Life cycle of ‘connectedness’

Last year I wrote about my mother’s connectedness –

When you are 83, connectedness takes on a new meaning year by year. This year my mother’s connectedness is ‘shrinking’. Those who she can readily connect to (albeit never online) are dying. And she is becoming forgetful. Her neural connections do not work as well as they once did,  although she still has a formidable memory for times past.

For me this brings a new dimension to the concept of connectedness. It not only means different things to different people, but it is experienced differently at different stages of the connectedness life-cycle. This is similar to Etienne Wenger’s ideas that a community goes through a life-cycle and ultimately dies.

I can see my mother’s connections waning at social, neural and conceptual levels. She has never used a computer, but that is not the point. My mother was once a highly connected person in her own way, but I can now see a closing down of these connections which is not in her control.

Do online connections make a difference? This week I learned that a past colleague of mine has died – very sad since she was considerably younger than me. But what I find interesting is that her Facebook account is still ‘alive’. People are posting messages to her as if she was still alive.

So what does this mean for connectivity? Can it die – or is it that once it has been initiated, it will always be there, ready for further connection?

5 thoughts on “Life cycle of ‘connectedness’

  1. Sui Fai John Mak August 9, 2009 / 11:37 pm

    Jenny, I feel sorry that your mum’s connections are waning at all levels. Also, it’s sad to lose a close colleague. The appearance on Facebook may be an honourable to keep those pass away a good memory though.
    Your mention of the different stages of connectedness life cycle often happen in communities. My observation and experience is that some people would choose the community which would meet her continuous needs, at different times, though sometimes some others would just gradually “fade” away from being an active networker to the peripheral (as legitimate peripheral participant) to eventual “withdrawal”.

    When there is a renewal of interests or something that is exciting “offered” by the network or community, then some may be drawn back as a rekindled networkers of the community. Would this depend on the context and the “stage” of the community?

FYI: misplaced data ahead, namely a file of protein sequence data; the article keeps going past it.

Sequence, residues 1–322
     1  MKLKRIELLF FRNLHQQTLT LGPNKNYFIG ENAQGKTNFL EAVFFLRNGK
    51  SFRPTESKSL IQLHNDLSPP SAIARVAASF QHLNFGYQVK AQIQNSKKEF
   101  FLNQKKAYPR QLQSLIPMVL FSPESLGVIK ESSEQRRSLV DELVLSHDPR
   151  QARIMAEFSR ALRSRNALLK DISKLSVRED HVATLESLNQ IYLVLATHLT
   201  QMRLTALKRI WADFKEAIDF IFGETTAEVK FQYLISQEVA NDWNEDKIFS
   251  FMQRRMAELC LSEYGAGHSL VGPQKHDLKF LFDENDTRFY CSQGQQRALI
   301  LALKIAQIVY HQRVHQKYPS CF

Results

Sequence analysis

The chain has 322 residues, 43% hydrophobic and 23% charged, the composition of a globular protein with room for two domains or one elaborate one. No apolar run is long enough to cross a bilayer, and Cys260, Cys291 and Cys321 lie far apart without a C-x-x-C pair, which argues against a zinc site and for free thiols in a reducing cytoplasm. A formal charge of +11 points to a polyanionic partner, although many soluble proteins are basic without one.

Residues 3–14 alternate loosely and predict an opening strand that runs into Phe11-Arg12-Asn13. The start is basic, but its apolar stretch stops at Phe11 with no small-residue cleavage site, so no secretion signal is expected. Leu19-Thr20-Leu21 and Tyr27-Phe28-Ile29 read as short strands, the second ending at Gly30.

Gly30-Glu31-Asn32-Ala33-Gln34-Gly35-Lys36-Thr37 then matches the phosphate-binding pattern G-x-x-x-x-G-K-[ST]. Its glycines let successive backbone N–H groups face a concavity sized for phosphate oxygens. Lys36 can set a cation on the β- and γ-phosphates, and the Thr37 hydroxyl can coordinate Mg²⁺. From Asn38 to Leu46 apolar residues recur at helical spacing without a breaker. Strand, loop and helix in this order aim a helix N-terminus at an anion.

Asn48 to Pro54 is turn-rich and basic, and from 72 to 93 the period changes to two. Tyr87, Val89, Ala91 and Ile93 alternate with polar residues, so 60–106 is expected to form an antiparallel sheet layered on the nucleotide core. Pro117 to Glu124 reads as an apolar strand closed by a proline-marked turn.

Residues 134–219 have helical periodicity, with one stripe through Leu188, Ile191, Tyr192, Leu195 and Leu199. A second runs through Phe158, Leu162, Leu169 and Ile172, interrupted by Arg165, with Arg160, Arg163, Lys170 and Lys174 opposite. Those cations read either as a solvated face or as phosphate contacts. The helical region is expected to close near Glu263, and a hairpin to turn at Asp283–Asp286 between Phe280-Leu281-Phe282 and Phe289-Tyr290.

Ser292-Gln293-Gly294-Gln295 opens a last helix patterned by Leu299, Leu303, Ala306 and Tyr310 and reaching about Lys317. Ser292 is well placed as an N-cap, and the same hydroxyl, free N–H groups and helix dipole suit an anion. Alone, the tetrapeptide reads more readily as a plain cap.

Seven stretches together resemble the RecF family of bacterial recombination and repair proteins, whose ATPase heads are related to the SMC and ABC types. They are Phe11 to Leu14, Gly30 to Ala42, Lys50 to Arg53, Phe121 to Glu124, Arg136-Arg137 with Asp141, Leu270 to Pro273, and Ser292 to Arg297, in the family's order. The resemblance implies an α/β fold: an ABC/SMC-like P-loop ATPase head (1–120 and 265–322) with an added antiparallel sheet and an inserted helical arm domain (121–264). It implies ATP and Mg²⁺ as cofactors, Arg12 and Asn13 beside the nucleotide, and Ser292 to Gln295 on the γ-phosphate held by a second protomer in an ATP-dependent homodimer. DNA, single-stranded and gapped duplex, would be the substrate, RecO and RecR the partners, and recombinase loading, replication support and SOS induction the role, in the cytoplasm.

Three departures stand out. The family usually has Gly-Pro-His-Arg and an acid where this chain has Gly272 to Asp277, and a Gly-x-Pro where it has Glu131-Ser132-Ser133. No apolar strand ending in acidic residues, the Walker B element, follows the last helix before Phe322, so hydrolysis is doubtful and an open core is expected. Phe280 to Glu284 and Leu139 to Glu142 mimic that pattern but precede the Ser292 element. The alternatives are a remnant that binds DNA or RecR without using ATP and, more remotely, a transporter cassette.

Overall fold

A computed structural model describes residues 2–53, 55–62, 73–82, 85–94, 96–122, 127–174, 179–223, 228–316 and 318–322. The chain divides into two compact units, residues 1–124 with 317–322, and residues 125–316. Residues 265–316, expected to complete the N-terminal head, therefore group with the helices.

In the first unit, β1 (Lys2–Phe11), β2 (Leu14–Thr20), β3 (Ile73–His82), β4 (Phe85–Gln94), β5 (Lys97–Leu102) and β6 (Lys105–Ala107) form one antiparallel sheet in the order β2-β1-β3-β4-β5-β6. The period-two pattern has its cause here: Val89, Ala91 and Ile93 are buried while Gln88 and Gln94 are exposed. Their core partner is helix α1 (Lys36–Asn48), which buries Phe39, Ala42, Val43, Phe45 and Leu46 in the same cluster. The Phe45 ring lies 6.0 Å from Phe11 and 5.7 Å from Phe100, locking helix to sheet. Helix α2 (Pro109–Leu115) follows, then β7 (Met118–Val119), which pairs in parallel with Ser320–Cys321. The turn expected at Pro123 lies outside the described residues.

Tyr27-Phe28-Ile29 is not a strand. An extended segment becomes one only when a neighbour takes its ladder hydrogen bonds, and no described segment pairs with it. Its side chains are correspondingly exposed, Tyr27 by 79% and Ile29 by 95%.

Such pattern of life cycle may appear different when it is relating to religious community, where it is not sparked by interests (only), but by faith, belief, and love. A sense of helping and loving each other in an altruistic manner is an inner call, from most religions. Would this pattern be reflective of how we meet new acquaintances or friends in the real world, or even in the digital world?

    Connectivity: can it die? May be physically, but not spiritually… as people always would be in remembrance of the friendship formed. Once a friend, could be a friend forever, that utopian state of friendship that is embraced in one’s heart.

  2. Keith Lyons August 14, 2009 / 2:12 am

    Hi Jenny

    Your post last year encouraged me to think a great deal about biography and connectedness. Thank you for revisiting the post here.

    At about the time you were writing your recent post I think I was listening to

    I left that program thinking about the spark of life that supports each of us and how in some people a spark is a beacon in others a fading ember.

    I wonder if the ebbing of connection is a natural cycle and that we can socially construct it with our digital memories. I have been thinking a lot about this and have written about Merce Cunningham ( and a colleague Tom Reilly ( to explore my thoughts about biography.

    My best wishes


  3. ailsa August 24, 2009 / 3:04 am

    Hi Jenni, reminds me of my own (dis)connect with my mum who similarly moves in and out with her abilities to relate with those around her.
    Etienne Wenger also talks of the needs for boundaries to be fluid as people move in and out of community, I think any theory of connectivism also needs an appreciation for peoples being more and less available at any time.
    best wishes,

  4. jennymackness August 24, 2009 / 9:00 am

    Many thanks John, Keith and Ailsa for your comments. It’s good to have your different perspectives and I appreciate you taking the time to write. Jenny

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